Culture and Management

 

Land Preparation

"Queen" pineapple thrives well in soil with adequate tillage. Two plowings each, followed by harrowing, is done at an interval of 7 to 10 days per operation. This results in a well-prepared soil and reduced weed population.

In open areas, cleaning is performed before plowing and harrowing. The number of times clearing is done depend on the soil tilth and weed incidence.

Some farmers practice zero tillage or no plowing. Pineapple suckers are planted after digging holes by means of a heavy hoe.

 

Preparation of Planting Materials and Planting

Suckers and crowns are two popular planting materials of Queen pineapple. Before planting, the suckers are cured by exposing the root section or butt to direct sunlight for 3 to 5 days. This prevents stem rot in the newly planted crop.

When grown as intercrop to coconut trees, pineapple may be planted using the single row method at 70 centimeters to 100 centimeters between rows, and 30 centimeters between hills. The double row method can also be used at 80 centimeters between double rows, 50 centimeters within double rows and 30 centimeters between hills.

Planting is done with the aid of a bolo. Suckers are placed in the hole in vertical position.

 

Weed Control

Weeds can be efficiently controlled by using herbicide such as Diuron or Karmex using 2.5 kilograms to 3.0 kilograms per hectare, sprayed 7 to 10 days after planting. Herbicide-resistant weeds can be controlled by hand pulling. A second application of herbicide may be done 4 to 5 months after planting.

For cogonal areas, a pre-tillage application of glyphosate herbicide (round-up) is very helpful. In areas where mutha (Cyperus Rotundus) is thickly growing the same glyphosate herbicide compound can be applied 7 to 10 days after planting.

In areas infested by Aguingay (Nattboellia exaltata) or itchgrass, the use of Fluazifop-Butyl (e.g. Onecide 15 EC) is recommended.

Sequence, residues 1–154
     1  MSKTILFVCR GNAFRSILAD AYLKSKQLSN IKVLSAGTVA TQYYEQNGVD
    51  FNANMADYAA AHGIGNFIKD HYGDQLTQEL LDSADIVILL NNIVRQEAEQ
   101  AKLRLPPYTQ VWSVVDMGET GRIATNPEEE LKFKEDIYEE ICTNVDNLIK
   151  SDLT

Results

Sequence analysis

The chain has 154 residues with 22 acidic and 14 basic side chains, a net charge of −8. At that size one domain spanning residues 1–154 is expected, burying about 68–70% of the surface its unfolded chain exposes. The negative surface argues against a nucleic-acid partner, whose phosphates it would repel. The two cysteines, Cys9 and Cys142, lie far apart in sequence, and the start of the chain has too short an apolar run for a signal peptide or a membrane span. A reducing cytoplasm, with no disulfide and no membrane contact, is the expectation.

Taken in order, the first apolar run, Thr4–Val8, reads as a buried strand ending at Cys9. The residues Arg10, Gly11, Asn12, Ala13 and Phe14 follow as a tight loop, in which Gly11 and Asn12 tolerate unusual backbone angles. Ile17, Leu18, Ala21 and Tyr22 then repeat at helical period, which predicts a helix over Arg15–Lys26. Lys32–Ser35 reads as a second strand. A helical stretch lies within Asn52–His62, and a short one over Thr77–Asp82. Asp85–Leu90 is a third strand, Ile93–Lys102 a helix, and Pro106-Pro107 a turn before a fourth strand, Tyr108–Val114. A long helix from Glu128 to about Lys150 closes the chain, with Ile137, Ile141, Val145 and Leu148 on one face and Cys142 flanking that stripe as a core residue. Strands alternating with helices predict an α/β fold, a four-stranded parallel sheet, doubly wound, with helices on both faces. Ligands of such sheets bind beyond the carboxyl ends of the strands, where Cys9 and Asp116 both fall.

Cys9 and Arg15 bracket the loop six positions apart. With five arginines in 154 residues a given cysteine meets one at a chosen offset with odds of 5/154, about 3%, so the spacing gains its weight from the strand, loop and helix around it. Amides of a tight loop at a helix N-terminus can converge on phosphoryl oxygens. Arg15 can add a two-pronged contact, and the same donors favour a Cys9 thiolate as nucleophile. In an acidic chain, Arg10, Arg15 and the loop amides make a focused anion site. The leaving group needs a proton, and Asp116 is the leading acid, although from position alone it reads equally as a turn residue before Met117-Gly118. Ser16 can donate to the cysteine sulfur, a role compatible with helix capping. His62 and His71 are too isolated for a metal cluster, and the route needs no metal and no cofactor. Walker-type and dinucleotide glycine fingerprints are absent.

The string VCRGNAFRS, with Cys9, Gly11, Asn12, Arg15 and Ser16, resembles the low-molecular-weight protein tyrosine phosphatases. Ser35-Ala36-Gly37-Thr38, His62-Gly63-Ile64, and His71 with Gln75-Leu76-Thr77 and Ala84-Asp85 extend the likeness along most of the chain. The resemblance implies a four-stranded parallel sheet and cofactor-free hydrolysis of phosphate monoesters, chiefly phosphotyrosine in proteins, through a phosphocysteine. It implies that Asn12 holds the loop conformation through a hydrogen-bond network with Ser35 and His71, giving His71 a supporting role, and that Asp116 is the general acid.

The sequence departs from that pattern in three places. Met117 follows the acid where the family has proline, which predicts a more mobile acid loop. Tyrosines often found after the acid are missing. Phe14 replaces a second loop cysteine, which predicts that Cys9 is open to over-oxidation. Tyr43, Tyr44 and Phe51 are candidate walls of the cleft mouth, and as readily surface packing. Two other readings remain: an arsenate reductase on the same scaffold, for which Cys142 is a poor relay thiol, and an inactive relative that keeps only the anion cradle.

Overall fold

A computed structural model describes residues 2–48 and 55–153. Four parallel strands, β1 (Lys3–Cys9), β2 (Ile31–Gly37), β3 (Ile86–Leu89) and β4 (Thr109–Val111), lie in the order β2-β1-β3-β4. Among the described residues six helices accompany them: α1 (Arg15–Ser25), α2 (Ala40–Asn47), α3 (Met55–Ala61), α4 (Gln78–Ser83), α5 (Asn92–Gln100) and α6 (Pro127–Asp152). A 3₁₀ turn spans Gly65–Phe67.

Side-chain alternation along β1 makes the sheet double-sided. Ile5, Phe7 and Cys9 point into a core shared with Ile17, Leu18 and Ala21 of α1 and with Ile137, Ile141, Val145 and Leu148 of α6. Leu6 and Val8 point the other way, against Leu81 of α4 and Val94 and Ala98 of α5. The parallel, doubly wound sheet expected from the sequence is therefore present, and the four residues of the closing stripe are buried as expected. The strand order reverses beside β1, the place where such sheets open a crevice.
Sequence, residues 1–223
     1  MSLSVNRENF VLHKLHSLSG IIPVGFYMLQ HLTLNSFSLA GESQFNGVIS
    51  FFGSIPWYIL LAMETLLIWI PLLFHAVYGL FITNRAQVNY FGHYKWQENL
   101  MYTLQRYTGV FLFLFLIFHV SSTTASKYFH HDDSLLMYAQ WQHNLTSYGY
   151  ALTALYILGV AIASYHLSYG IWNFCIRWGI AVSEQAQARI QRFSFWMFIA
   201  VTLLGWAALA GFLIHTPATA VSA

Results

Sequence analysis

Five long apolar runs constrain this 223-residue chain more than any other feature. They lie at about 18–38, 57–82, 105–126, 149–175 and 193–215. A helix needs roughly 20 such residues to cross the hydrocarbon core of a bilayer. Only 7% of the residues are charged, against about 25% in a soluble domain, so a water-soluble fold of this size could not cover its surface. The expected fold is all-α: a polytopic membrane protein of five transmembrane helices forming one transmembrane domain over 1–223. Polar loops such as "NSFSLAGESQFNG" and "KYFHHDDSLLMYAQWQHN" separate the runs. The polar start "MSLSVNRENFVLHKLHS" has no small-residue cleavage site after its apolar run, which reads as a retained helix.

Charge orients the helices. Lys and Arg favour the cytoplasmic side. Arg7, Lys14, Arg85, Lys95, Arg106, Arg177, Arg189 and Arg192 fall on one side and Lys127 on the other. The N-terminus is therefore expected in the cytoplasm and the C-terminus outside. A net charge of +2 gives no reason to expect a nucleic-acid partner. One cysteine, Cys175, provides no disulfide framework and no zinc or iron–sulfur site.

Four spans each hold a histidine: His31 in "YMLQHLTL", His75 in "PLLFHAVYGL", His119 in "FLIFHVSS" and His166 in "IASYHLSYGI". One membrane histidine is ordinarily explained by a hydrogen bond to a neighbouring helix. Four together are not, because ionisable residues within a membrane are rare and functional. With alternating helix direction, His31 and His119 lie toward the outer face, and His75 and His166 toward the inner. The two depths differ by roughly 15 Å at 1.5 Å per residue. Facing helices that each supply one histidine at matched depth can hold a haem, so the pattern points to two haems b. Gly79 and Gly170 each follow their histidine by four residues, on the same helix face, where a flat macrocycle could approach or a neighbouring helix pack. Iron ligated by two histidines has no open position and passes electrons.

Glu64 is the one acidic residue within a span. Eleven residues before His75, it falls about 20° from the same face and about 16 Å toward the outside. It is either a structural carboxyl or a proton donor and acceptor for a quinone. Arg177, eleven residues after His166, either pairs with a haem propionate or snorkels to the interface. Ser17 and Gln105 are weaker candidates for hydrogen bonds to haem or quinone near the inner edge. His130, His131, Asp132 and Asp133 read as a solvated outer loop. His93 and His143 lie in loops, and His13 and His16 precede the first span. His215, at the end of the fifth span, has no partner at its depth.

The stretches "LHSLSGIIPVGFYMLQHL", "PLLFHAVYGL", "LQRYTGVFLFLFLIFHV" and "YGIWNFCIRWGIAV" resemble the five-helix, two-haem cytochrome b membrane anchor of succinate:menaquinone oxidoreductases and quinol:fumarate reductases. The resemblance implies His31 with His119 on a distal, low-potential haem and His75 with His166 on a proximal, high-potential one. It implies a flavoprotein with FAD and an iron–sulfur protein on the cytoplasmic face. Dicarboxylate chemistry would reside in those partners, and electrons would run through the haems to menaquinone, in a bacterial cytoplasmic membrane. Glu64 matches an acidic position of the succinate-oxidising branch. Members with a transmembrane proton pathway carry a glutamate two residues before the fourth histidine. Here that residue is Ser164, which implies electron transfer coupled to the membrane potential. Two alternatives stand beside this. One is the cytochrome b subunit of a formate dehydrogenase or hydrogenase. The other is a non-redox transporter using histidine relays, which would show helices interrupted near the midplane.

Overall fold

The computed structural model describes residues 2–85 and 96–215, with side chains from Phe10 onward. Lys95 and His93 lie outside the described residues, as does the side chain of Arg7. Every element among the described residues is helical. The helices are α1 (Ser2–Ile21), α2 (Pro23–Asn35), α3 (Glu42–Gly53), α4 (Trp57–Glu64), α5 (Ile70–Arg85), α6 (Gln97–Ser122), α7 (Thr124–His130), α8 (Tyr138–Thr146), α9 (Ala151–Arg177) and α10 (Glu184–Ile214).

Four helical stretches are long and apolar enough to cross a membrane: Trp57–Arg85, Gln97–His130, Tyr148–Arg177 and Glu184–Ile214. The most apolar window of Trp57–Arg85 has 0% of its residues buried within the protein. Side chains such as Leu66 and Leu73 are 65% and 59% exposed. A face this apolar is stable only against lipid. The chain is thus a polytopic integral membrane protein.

Fertilization

Pineapple requires sufficient supply of fertilizer for vigorous growth and profitable harvest. One hectare of Queen pineapple consisting of 35,000 plants requires 24.5 bags of urea, ammonium phosphate and muriate of potash.

Potassium makes the fruit sweet; nitrogen gives vigor to the plants; and phosphorous help in the development of the roots.

Urea is best applied at the base of the plant. Ammonium phosphate and muriate of potash can be placed on top of the first three oldest leaves at the base of the plants.

Flower Induction

Forced fruiting can be done when the pineapple plant is 10 to 13 months old or when it has 36 or more normal leaves. Ethepon (e.g. Ethrel 480) is now popular flower inducer. The use of 50 ppm ethrel + 2% urea + o.o4% calcium carbonate is both economical and highly effective. Thirty (30) millimeters of the solution is poured at the "heart" or center of the whorl of leaves of the plant.

Calcium Carbide or "kalboro" can be used in flower induction at a ratio of 1 kg. Carbide per 8-12 cans of water. (kerosene can = 19 liters).

Harvesting

Queen pineapple can be harvested 4.5 to 5 months after flower induction. For distant market outlets, fruits are harvested at maturity index of 0 to 1 (green ripe to 14% yellow). For nearer outlets, fruits can be harvested at maturity index of 2-3 (15% to 49% yellow).